• Should also look at your overall eating pattern and health condition
          • Factors such as medications and diseases can affect your nutrient needs
  • 8. Tools for a Healthful Diet
    • Dietary Guidelines for Americans
      • Published by the US Department of Health and Human Services and Agriculture
      • Developed to give people an idea of how to eat better to stay active and healthy
      • Should guide food choices to help you feel better today and stay healthy for tomorrow.
      • Focus is on choosing a nutritious diet, maintaining a healthy weight, achieving adequate exercise, and keeping foods safe
      • Intended for the general population, regardless of lifestyle or cultural background
  • 9. Tools for a Healthful Diet
    • Dietary Guidelines for Americans
      • 2/3 of Americans are overweight or obese, and more than half get too little exercise
      • 2005 release placed a stronger emphasis on physical activity
      • Average American diet is too high in fats, cholesterol, and sugar.
      • Too low in the nutrients found in whole grains, vegetables, and fruits.
      • These issues are linked with an increased risk of heart disease, stroke, cancer, and liver disease which are among the leading causes of death in the US
  • 10. Tools for a Healthful Diet
    • Dietary Guidelines for Americans
      • Provide advise to people to help them reach achievable goals in weight control, stronger muscles and bones, and balanced nutrition.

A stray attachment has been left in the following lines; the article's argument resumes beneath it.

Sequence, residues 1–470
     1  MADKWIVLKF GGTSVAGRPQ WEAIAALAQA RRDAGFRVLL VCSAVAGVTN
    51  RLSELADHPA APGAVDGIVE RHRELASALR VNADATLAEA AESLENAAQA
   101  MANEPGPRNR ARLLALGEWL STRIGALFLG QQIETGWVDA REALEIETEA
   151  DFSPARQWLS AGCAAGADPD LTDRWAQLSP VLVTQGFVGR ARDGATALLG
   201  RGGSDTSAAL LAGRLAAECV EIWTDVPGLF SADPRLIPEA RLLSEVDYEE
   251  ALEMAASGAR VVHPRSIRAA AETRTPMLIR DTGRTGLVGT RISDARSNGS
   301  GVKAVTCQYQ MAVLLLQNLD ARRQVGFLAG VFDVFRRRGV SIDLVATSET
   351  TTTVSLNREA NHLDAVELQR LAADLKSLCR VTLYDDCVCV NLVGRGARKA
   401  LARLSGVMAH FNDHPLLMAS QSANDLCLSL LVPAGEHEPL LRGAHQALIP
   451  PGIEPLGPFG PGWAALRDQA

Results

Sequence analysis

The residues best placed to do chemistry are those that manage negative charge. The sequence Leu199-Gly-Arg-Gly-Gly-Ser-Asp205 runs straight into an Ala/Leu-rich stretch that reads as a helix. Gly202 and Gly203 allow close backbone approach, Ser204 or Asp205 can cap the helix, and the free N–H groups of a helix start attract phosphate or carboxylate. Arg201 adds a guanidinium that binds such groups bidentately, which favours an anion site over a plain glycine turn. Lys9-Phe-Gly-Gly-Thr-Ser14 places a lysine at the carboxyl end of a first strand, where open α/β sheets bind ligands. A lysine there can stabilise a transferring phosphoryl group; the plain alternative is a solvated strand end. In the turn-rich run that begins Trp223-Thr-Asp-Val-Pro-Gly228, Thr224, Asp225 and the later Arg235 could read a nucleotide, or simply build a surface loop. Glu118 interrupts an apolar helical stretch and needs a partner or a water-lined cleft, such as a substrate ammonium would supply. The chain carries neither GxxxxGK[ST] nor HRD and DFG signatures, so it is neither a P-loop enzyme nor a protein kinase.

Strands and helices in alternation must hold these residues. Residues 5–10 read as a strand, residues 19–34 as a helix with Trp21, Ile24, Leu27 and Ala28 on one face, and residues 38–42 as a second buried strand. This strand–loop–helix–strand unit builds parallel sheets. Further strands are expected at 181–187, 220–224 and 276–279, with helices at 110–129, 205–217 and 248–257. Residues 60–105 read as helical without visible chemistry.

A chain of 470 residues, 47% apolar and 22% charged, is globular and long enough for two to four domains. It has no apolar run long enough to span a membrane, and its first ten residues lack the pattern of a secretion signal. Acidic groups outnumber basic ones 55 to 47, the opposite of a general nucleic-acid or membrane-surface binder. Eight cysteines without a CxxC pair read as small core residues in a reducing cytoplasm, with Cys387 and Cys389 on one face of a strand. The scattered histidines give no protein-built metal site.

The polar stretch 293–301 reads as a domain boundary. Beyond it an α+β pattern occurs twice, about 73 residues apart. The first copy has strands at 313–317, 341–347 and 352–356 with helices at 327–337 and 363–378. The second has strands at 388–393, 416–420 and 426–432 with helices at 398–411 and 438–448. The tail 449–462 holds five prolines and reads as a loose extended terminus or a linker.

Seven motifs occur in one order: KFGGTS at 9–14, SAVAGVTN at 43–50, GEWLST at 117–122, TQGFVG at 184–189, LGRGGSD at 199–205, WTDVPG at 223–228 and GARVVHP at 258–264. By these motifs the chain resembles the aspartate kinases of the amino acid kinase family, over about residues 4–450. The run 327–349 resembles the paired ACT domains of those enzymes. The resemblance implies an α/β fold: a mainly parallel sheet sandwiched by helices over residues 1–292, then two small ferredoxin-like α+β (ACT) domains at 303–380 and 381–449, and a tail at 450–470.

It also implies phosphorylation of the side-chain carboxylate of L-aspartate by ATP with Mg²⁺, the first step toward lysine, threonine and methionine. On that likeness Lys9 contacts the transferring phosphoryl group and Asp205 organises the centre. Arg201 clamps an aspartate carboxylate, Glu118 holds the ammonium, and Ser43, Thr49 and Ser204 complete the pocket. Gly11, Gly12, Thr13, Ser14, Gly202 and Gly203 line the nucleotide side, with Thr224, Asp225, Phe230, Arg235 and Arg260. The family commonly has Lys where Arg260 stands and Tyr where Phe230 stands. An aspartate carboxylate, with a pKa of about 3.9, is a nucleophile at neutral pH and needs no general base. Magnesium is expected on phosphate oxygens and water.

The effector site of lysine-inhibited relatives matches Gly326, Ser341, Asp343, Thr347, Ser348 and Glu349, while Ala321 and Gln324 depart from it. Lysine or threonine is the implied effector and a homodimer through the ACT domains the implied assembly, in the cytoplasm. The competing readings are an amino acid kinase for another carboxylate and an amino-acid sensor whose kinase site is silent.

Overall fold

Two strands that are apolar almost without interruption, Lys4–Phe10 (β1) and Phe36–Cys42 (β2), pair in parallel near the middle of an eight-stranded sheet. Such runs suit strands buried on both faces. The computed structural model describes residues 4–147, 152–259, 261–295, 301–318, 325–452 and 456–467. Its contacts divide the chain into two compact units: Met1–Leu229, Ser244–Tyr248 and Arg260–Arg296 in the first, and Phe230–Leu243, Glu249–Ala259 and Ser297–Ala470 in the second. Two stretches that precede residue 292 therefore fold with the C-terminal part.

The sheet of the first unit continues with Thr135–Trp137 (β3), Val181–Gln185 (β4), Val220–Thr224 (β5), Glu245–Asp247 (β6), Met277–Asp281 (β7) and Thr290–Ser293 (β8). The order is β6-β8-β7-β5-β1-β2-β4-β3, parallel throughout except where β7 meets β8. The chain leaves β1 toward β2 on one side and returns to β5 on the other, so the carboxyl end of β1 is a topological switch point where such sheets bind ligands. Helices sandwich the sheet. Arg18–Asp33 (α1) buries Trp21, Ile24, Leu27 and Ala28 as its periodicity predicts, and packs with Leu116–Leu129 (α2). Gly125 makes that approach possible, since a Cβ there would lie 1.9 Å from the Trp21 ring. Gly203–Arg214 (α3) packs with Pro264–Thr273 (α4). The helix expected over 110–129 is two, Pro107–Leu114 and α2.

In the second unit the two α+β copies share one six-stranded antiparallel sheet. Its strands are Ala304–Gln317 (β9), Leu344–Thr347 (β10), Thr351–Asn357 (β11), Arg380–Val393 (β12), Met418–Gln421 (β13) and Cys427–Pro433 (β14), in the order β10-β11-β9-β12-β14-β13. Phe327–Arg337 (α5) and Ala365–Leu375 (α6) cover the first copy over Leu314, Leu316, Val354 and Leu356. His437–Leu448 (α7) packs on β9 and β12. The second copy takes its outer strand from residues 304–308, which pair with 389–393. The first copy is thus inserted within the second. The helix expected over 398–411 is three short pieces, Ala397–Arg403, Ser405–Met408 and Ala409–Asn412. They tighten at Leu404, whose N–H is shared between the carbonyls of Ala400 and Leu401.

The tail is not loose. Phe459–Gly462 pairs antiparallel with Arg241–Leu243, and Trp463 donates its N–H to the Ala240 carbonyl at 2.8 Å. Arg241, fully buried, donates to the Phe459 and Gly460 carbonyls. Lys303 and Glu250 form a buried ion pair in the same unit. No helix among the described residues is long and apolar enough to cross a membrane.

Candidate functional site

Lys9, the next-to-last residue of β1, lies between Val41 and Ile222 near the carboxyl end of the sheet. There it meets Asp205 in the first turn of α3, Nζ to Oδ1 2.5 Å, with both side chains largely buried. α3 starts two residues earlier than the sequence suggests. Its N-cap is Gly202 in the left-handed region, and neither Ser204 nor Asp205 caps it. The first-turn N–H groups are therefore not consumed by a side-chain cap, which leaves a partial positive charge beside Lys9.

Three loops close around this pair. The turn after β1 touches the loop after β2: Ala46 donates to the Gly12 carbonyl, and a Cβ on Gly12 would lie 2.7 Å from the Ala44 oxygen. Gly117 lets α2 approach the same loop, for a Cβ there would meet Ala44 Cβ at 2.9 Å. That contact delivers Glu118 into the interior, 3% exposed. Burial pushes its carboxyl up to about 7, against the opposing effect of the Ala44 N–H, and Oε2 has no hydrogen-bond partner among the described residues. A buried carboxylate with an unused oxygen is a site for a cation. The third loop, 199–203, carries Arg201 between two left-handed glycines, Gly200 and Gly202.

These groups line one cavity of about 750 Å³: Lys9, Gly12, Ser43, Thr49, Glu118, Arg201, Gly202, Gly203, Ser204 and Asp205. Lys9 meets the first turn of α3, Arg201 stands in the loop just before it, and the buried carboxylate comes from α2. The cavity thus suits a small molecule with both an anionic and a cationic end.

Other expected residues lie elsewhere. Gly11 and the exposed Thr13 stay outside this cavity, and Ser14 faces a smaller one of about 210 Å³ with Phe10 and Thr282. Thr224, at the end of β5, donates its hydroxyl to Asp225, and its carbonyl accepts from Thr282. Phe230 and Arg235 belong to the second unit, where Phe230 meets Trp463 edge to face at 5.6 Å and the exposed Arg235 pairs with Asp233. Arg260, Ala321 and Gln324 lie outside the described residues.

• The sooner you start the habits of choosing healthful foods and becoming physically active, the better.
  • 11. Tools for a Healthful Diet
    • Dietary Guidelines for Americans
      • Guideline #1: Make smart food choices from every food group
        • No single food can supply all nutrients in the amounts you need
        • Choose a variety of foods each day
        • Any food that supplies calories and nutrients can be a part of a nutritious diet
        • Your diet should include daily servings of whole grains, vegetables, fruits, fat free or lowfat milk.
        • Choose foods low in saturated fats, trans fats, cholesterol, salt and added sugars
  • 12. Tools for a Healthful Diet
    • Dietary Guidelines for Americans
      • Guideline #2: Mix up your food choices within each food group:
        • Focus on fruits – should have about 2 cups (4 servings) of fruit each day which equals a small banana, apple or large orange
        • Select a variety of vegetables, including dark green vegetables (broccoli, spinach) and orange vegetables (carrots, sweet potatoes) – need 2 ½ cups (five servings) per day
          • Select from ALL vegetable groups (dark green, orange, legumes, starchy vegetables, and other vegetables) several times a week
        • Add more beans and peas
        • Get more calcium by drinking 3 cups a day of fat free or lowfat dairy products or equivalent amounts of cheese or yogurt
        • Make half your grains whole grains
        • Go lean on protein
  • 13. Tools for a Healthful Diet
    • Dietary Guidelines for Americans
      • Guideline #3: Find your balance between food and physical activity.
        • Regular exercise is important
        • Children and teens should be physically active for 60 minutes every day or most days of the week
        • To help control body weight, a teen can increase intensity and consume lower-calorie foods
  • 14. Tools for a Healthful Diet
    • Dietary Guidelines for Americans
      • Guideline #4: Get the most nutrition out of your calories
        • There is a RIGHT number of calories for you to eat each day based on your age, body size, activity level, and other factors
        • Your calorie needs will differ if you are trying to gain, maintain or lose weight.
        • Include nutrient dense foods from each food group – foods high in vitamins and minerals compared to the number of calories they provide